So install i18next-resources-for-ts and execute the toc command, i.e. something like: i18next-resources-for-ts toc -i ./locales/en -o ./@types/resources.ts

So we can modify the i18next.d.ts file like this:

import resources from ‘./resources’;

declare module ‘i18next’ {
interface CustomTypeOptions {
defaultNS: ‘ns1’;
resources: typeof resources;
}
}

🧑‍💻 A complete code example can be found here.

Plurals

btw: also plural keys works:

Fallback Namespace

And also fallback namespace handling works:

// @types/i18next.d.ts
import resources from ‘./resources’;

declare module ‘i18next’ {
interface CustomTypeOptions {
defaultNS: ‘ns1’;
fallbackNS: ‘fallback’;
resources: typeof resources;
}
}

// works because of fallbackNS
i18next.t(‘fallbackKey’)

Interpolation

Unfortunately, automatic interpolation inference won’t work if your translations are placed in JSON files, only in TS files using as const keyword or an interface in a d.ts file, as long as this TypeScript issue is not addressed.

Interface

To address this, let’s make use of the interface command, i.e. something like: i18next-resources-for-ts interface -i ./locales/en -o ./@types/resources.d.ts

This way we can change the i18next.d.ts file like this:

import Resources from ‘./resources’;

declare module ‘i18next’ {
interface CustomTypeOptions {
defaultNS: ‘ns1’;
resources: Resources;
}
}

Now the interpolation inference works and fails if the passed variable name does not match:

🧑‍💻 A complete code example can be found here.

React.js

A React.js based i18next setup with in-memory translation resources could also look very similar to the above example, so let’s raise the bar a little bit and see what a setup with lazy loading translations like with i18next-http-backend looks like:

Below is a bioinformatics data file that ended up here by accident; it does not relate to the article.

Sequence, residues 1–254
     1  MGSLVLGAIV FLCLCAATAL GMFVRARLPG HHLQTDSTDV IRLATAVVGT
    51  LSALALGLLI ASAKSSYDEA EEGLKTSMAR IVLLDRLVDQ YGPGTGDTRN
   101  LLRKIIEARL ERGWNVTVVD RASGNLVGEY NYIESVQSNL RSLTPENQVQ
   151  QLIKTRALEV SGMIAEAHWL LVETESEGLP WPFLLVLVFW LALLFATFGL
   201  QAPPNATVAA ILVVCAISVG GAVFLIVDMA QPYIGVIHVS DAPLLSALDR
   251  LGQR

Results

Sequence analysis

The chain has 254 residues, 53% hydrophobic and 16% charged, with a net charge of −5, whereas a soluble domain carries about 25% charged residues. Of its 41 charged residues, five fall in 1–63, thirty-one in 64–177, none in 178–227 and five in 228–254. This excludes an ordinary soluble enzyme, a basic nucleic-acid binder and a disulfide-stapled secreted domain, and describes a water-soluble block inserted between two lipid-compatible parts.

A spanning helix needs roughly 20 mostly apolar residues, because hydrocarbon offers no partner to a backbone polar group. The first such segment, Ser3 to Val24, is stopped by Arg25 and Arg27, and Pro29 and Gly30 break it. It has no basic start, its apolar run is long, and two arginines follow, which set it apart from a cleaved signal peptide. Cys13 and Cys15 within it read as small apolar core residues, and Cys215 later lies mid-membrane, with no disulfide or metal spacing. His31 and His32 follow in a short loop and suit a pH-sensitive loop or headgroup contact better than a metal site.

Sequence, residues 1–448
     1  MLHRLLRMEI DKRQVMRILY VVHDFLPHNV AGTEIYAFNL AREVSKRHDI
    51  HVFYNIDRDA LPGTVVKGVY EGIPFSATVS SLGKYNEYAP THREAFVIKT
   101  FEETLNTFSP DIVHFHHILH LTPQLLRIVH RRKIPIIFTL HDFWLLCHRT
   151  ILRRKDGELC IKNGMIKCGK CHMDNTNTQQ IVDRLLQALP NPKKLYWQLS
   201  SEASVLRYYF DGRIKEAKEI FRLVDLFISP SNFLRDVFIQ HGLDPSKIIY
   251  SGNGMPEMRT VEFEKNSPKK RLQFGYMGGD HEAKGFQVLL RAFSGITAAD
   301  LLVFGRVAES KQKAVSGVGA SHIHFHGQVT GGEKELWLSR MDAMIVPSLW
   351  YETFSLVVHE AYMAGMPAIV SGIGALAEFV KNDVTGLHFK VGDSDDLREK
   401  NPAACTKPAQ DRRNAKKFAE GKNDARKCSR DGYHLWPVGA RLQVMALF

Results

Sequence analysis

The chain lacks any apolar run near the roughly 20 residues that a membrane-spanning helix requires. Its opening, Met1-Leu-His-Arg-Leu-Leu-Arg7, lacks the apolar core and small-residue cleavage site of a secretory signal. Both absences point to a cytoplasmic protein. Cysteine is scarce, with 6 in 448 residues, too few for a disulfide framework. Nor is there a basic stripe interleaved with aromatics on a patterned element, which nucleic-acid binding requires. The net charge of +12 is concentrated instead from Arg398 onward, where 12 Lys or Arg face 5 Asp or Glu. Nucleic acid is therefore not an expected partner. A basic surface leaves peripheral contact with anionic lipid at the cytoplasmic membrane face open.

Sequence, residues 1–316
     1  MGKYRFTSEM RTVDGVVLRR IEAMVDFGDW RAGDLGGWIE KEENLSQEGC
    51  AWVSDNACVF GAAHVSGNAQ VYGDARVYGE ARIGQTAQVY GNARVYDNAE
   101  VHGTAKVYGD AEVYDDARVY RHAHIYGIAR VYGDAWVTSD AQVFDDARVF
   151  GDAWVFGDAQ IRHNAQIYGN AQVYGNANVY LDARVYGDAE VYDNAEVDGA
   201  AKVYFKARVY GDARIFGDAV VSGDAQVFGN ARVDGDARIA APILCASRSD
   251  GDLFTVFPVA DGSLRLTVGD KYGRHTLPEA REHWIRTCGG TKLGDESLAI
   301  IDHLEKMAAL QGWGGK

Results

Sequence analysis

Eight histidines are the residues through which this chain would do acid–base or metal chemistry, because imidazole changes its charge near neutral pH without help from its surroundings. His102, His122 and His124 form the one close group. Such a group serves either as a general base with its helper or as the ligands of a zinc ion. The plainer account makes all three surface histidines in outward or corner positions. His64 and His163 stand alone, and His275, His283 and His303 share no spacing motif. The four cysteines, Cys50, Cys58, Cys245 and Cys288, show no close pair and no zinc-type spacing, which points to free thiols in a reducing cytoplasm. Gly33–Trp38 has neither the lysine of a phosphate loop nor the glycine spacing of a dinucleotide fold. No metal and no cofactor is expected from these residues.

import i18next from ‘i18next’;
import { initReactI18next } from ‘react-i18next’;
import HttpApi from ‘i18next-http-backend’;

i18next
.use(initReactI18next)
.use(HttpApi)
.init({
debug: true,
fallbackLng: ‘en’,
defaultNS: ‘ns1’,
backend: {
loadPath: ‘/locales/{{lng}}/{{ns}}.json’
}
});

export default i18next;

To make the translation type-safe, we again create an i18next.d.ts file preferably in a @types folder like this:

import Resources from ‘./resources’;

declare module ‘i18next’ {
interface CustomTypeOptions {
defaultNS: ‘ns1’;
resources: Resources;
}
}

And again we make use of the interface command, i.e. something like: i18next-resources-for-ts interface -i ./public/locales/en -o ./src/@types/resources.d.ts

This way, the translations are loaded at runtime, but the translations are type-checked during development.

With the new react-i18next version, when loading multiple namespaces, t function will infer and accept the keys for the first namespace. So this pattern is now accepted:

import { useTranslation } from ‘react-i18next’;

function Comp2() {
const {t} = useTranslation([‘ns1’, ‘ns2’]);

return (
<div className=”App”>
<p>{t(‘description.part1’)}</p>
<p>{t(‘description.part1’, { ns: ‘ns1’ })}</p>
<p>{t(‘description.part2’, { ns: ‘ns2’ })}</p>
</div>
);
}

export default Comp2;

Trans component

And also the Trans component is type-safe:

import { useTranslation, Trans } from ‘react-i18next’;

function Comp1() {
const {t} = useTranslation();

return (
<div className=”App”>
<p>
<Trans i18nKey=”title”>
Welcome to react using <code>react-i18next</code> fully type-safe
</Trans>
</p>
<p>{t(‘description.part1’)}</p>
<p>{t(‘description.part2’)}</p>
</div>
);
}

export default Comp1;

🧑‍💻 A complete code example can be found here.

No app-bundled/provided translations